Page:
My wife and I are in a similar process:
We started looking at a boat for a circumnavigation
in October of last year with the goal of being on the water
by the end of this year. We have sailed a fair amount but almost all of our experience was with mono hulls. I initially didn't even consider multis due to myth and taboo rather than any real substantive data. After the Miami boat show
we were very intrigued by the catamaran
market and chartered a comparable mono and cat back to back.
Our short list and imminent decision has subsequently gone from:
440 aft cockpit
To those three monohulls and:
Lagoon 470, Lagoon 420
Voyage 440 (need to look into construction and bridge deck
43 (need to look into construction and bridge deck
I have a balanced opinion (mono versus multi) at this point but I think my wife is all but a multihull
In trying to get up to speed quickly I have found the owners forums
(and this one!) to be invaluable. I have also found Chris White's book, "The Cruising Multihull", to be packed with great baseline data and good perspective (although it was written several years back). The "Sailor's Multihull
Guide" is a necessary book if just for the reference data. I also recommend the Multihull Maven web site (great consolidated brokerage listings, much like MLS):
(Gord: Thanks for the posts above, I just ordered a few reviews
from MultiHull World. The Brits don't seem to pull punches like the American trades do.)
My Cruising Criteria
After sailing on a few cruising cats I have established some invariants that are important to my wife and I. These are our criteria and not necessarily applicable to anyone else.
- 40' LOA or greater
Everyone has their own risk tolerance and skill set. I recall
a post regarding a couple that sailed from the UK to New England
in a 28' mono who were happy to have only rolled 3 times in the transit and ready for the next passage
. I am not made of the same stuff. Naval architects seem to agree that larger boats are safer in the open ocean, mono or multi. Ocean passages present the one situation where you may be out long enough to make predicting the weather
and seas for the entire trip impossible. There seems to be no substitute for LWL when it comes to safety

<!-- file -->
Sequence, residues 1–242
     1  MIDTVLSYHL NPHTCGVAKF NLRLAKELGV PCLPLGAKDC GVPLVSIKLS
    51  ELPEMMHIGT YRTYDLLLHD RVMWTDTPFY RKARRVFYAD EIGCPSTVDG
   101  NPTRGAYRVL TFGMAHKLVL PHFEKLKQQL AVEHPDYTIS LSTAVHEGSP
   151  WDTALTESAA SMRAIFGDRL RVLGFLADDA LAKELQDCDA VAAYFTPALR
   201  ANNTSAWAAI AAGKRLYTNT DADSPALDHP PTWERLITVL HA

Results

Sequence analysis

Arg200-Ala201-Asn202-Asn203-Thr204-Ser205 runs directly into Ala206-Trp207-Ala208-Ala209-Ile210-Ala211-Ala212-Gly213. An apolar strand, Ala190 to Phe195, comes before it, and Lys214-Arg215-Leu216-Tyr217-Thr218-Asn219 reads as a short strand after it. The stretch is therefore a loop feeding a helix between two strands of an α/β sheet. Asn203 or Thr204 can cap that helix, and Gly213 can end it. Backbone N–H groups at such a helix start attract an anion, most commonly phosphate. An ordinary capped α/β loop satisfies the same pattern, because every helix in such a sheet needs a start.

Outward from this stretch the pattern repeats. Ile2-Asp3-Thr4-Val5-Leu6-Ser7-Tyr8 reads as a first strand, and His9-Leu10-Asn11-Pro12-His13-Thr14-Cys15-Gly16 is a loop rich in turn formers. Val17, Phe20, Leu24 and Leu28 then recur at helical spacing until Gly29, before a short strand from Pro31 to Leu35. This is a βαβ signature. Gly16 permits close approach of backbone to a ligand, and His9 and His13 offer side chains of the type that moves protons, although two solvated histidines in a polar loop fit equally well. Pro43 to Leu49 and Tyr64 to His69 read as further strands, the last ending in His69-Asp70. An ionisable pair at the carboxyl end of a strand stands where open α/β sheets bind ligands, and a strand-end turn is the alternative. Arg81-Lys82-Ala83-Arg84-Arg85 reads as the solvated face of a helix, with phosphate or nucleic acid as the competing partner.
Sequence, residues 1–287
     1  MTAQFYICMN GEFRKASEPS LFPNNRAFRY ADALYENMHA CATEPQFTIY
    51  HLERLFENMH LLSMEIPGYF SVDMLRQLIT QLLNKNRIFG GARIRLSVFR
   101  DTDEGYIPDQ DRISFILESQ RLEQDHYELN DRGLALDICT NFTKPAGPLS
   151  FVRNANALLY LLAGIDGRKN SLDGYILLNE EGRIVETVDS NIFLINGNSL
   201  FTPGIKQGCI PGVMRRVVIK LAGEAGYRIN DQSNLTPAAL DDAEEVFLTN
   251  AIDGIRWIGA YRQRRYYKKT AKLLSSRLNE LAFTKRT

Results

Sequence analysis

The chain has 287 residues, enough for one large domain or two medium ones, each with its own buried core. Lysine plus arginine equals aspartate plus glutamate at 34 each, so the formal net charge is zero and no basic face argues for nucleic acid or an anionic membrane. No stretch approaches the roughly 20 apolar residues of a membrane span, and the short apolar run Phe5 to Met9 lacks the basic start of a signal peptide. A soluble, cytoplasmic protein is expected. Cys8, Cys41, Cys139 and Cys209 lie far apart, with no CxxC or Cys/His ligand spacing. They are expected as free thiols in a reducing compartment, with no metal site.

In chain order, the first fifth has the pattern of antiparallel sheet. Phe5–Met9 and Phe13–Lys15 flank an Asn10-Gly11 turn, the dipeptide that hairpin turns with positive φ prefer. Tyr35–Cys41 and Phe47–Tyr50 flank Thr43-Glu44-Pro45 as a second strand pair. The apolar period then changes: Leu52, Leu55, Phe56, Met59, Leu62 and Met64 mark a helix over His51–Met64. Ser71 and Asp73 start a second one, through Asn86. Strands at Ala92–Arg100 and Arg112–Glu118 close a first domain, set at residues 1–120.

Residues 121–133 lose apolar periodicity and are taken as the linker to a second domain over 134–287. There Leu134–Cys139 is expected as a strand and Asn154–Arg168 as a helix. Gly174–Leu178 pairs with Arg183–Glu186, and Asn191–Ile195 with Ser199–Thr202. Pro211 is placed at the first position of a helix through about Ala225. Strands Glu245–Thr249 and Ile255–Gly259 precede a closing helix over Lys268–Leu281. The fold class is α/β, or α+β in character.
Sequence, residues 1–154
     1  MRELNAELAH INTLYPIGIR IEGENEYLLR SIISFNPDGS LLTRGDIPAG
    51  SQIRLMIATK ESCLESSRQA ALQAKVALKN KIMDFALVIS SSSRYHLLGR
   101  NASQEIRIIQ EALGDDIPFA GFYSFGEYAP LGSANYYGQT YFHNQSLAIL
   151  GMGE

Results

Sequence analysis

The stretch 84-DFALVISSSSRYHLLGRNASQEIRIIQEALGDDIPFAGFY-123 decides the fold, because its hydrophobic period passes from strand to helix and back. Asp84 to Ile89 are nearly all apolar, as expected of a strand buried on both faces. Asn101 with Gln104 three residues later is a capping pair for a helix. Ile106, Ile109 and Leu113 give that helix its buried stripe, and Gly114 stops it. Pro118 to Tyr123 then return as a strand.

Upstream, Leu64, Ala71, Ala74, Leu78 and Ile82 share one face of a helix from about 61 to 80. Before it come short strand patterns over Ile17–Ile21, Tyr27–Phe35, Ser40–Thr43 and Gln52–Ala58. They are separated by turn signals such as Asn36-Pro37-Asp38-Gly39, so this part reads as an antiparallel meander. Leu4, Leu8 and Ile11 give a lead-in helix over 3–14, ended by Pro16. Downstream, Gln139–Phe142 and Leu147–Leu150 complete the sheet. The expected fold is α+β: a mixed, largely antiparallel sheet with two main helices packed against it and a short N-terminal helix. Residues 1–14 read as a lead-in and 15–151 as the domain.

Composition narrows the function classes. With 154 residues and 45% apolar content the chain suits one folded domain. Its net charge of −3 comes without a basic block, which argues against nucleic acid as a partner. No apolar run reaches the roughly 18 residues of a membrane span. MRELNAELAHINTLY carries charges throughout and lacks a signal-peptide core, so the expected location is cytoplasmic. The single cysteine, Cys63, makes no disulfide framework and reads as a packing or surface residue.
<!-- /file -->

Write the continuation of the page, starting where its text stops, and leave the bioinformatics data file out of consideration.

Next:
and comfort in the tough stuff. Chris White and several others recommend catamarans over 40 feet as a good open ocean stability and safety minimum. Storage
is another motivation especially if considering 2-3 week runs.
- Helm in the cockpit on the bulk head
I do not want to be on a fly bridge or the quarter managing the boat in nasty weather
. I want to be protected from the weather, near the coffee (see next point of criteria), near the nav station and near the rest of the crew (presumably enjoying the comfort of the saloon). It's entertaining when sales reps tell you that your autopilot
will handle things in a gale. It may, but it likely will not, and I probably wont rest while trusting it even if it will. The helm
should be comfortable in all conditions and functional.
- Galley up
I cook a lot on board and I want to be with the rest of the crew while doing it. No other motivation here. I have heard people say that you don't have to look at the dishes if the galley is down. I guess they don't mind the smell of crusty plates near the sleeping quarters? Come on, just put 'em all in a net and chuck 'em overboard
for the night, they'll be clean in the morning.
- No additional moving parts under water
I know many folks love boards and all manner of other trick underbody devices, and for good reason. For us the added complexity of boards and the additional exposure represented by the potential damage in a board down grounding outweigh the benefits. We have chosen to seek full skeg rudders and integral keels. (Looked at a wonderful CNZ4500 that could have been "the one" but had to pass because of the boards.)
- Strong hull and great build quality
I will intentionally beach and unintentionally ground any catamaran
over long distances. I require a strong hull
and will trade
speed for it. I look for boats with a substantial layup
schedule and preferably Vinylester resin. I am interested in minimal maintenance
and no large projects (such as blisters
or delam). The builder
must have a solid track record
and stand behind their product.
- Effective Anchoring system
I need to be able to deploy two anchors off of the bow and one off of the stern. Anchoring
should be easy. I need two self stowing chain lockers and two bow rollers, a good windlass
with rock solid mounting, a good bridle
and a jam free chain path. I have cruised with a rotten anchor
setup only once but I would never wish such a condition on anyone.
Hope some of this is useful or at least thought provoking. I'd be very interested to hear if anyone thinks my short list doesn't match my criteria or if I've missed a boat I should consider.